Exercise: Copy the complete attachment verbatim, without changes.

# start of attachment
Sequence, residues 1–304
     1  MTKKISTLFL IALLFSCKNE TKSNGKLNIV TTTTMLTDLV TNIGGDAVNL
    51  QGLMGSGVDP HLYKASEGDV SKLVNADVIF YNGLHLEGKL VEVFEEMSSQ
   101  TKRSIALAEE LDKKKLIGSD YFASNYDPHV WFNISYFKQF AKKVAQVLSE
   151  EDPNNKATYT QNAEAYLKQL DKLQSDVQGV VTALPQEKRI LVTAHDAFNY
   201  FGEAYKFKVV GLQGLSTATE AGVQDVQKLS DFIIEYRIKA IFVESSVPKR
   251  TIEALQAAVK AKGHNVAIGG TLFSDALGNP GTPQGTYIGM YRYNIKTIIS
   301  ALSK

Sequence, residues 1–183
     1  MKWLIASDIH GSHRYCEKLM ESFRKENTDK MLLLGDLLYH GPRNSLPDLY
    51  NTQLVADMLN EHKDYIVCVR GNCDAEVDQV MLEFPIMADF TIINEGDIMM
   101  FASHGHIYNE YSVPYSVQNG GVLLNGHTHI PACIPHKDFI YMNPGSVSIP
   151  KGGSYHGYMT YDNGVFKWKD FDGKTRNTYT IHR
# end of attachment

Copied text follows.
Sequence, residues 1–304
     1  MTKKISTLFL IALLFSCKNE TKSNGKLNIV TTTTMLTDLV TNIGGDAVNL
    51  QGLMGSGVDP HLYKASEGDV SKLVNADVIF YNGLHLEGKL VEVFEEMSSQ
   101  TKRSIALAEE LDKKKLIGSD YFASNYDPHV WFNISYFKQF AKKVAQVLSE
   151  EDPNNKATYT QNAEAYLKQL DKLQSDVQGV VTALPQEKRI LVTAHDAFNY
   201  FGEAYKFKVV GLQGLSTATE AGVQDVQKLS DFIIEYRIKA IFVESSVPKR
   251  TIEALQAAVK AKGHNVAIGG TLFSDALGNP GTPQGTYIGM YRYNIKTIIS
   301  ALSK

Sequence, residues 1–183
     1  MKWLIASDIH GSHRYCEKLM ESFRKENTDK MLLLGDLLYH GPRNSLPDLY
    51  NTQLVADMLN EHKDYIVCVR GNCDAEVDQV MLEFPIMADF TIINEGDIMM
   101  FASHGHIYNE YSVPYSVQNG GVLLNGHTHI PACIPHKDFI YMNPGSVSIP
   151  KGGSYHGYMT YDNGVFKWKD FDGKTRNTYT IHR